Next, think hard about the look and feel. You can get by without a good design at first and redo it later, but remember that first impressions mean a lot, especially in terms of angle and tone. If you don't grab people in a few seconds with a clear presentation, often they're gone. Pick your theme carefully and pay someone to modify it if needed. Pay or trade out services to get a distinctive logo or custom header. Otherwise your blog will say "me too" instead of "I'm unique." Just remember that most people view your blog on mobile now, so don't get analysis paralysis looking at all the desktop options and sidebars. Clean, fast, and simple is usually best these days.
Then start writing good material and eventually publishing it. You may want to bank a lot of articles before you even launch to have a steady flow of content. Few people will be reading at this point though, so don't risk a sophomore slump by putting down every great idea you've ever had into your first 10 posts in 10 days. Start with one post a week, two tops. (Google won't index you any faster even if you write every hour.) Vary the length and subject matter. Then spread the word.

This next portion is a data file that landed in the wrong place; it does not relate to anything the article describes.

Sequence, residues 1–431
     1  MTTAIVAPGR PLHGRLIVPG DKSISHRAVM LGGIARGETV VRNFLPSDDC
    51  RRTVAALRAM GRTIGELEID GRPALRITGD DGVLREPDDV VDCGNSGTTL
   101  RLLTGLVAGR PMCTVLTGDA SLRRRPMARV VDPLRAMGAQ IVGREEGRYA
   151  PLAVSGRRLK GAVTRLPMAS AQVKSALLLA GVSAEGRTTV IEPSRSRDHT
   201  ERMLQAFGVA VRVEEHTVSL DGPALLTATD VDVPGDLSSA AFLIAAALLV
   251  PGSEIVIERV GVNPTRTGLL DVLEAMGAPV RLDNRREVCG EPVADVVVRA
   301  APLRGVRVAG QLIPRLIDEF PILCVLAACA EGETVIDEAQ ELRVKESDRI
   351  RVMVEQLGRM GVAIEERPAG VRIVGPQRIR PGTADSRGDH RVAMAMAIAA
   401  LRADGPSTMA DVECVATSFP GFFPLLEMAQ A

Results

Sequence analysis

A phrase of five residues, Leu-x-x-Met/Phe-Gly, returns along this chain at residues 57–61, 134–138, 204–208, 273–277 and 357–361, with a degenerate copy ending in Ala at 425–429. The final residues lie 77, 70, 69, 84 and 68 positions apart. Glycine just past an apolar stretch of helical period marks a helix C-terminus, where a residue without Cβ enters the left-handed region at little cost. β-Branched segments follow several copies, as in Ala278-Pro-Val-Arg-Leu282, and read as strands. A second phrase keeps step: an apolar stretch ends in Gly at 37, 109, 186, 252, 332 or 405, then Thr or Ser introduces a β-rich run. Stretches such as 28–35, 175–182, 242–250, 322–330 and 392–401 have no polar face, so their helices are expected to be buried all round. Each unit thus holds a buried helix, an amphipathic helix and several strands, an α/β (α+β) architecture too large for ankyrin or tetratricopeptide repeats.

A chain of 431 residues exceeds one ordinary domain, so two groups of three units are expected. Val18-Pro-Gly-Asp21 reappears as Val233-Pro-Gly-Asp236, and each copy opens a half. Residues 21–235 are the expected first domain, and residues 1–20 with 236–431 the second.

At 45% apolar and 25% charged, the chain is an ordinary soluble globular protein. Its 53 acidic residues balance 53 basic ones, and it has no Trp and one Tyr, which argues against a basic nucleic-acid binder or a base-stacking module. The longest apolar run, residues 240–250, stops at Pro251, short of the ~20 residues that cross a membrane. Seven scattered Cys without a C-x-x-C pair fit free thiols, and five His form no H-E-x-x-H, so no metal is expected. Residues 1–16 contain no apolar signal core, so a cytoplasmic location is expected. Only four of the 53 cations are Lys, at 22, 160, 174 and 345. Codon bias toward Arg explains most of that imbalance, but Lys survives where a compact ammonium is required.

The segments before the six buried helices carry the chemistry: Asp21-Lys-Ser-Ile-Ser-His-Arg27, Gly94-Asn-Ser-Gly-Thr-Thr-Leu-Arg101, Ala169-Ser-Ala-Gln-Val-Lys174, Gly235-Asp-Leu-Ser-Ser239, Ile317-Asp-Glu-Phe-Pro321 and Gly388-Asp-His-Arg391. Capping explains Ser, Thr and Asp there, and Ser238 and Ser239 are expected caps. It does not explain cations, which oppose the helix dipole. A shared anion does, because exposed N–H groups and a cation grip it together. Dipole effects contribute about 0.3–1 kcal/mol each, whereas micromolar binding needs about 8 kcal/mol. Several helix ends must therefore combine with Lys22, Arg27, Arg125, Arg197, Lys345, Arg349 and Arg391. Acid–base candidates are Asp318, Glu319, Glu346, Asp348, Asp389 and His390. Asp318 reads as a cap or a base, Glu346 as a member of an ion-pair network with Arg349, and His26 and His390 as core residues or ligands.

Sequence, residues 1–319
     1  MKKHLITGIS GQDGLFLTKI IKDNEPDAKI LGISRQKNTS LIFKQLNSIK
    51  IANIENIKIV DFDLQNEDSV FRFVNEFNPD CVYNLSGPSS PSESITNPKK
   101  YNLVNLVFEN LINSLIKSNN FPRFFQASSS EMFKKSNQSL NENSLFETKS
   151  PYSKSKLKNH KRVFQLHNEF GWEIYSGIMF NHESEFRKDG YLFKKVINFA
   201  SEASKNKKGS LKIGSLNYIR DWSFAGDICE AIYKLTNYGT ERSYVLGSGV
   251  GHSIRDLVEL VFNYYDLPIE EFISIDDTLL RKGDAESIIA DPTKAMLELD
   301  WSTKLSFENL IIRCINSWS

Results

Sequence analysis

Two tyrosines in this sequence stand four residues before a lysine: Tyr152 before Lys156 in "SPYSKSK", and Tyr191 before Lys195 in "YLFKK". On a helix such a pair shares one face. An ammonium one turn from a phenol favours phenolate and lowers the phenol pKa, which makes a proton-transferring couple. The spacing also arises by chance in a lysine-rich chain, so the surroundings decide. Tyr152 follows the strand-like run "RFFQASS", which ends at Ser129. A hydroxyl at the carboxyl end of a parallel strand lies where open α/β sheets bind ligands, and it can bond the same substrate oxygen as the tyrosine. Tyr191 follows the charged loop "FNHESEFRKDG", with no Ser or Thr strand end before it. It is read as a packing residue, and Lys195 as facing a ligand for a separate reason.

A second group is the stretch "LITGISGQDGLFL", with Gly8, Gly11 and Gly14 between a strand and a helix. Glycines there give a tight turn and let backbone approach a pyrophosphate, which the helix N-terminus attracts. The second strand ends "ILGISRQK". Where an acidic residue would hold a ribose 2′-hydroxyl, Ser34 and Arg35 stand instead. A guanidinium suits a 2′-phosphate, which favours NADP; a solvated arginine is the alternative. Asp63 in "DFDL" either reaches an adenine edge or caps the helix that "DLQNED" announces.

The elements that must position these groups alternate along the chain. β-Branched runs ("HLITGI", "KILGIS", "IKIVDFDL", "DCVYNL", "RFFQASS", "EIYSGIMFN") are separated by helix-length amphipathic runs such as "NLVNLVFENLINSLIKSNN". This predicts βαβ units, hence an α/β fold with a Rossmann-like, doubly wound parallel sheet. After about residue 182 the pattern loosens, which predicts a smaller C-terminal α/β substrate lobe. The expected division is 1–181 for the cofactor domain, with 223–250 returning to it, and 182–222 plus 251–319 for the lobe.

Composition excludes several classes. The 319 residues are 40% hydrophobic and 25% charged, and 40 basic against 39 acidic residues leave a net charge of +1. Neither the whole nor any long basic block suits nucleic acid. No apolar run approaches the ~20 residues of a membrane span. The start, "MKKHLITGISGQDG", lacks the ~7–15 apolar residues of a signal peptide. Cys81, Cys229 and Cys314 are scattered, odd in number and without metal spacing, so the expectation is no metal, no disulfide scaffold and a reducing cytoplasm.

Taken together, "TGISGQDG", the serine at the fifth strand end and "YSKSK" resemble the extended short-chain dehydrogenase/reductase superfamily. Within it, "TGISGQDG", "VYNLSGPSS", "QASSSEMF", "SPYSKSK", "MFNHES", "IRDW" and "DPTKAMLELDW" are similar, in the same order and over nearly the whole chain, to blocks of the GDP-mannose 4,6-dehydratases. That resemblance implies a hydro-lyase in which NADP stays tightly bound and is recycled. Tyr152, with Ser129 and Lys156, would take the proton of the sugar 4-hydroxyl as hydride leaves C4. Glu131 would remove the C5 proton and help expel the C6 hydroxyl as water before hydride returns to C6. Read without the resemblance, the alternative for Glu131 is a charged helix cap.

Stage 1 growth strategies:
Tell friends and family.
Put the blog in your e-mail signature.
Put it on your portfolio pages everywhere you can get a link.
Nudge people to subscribe in your posts and your sidebar.
Use social media to plug your posts, and not just the shiny ones everybody is talking about. (Don't ignore LinkedIn and Flipboard)
Submit your blog to search via Google Search Console (Webmaster Tools) and get Google Analytics set up.
Ask (real) friends to link to it or link to it yourself from other sites you control or message boards where you're a member.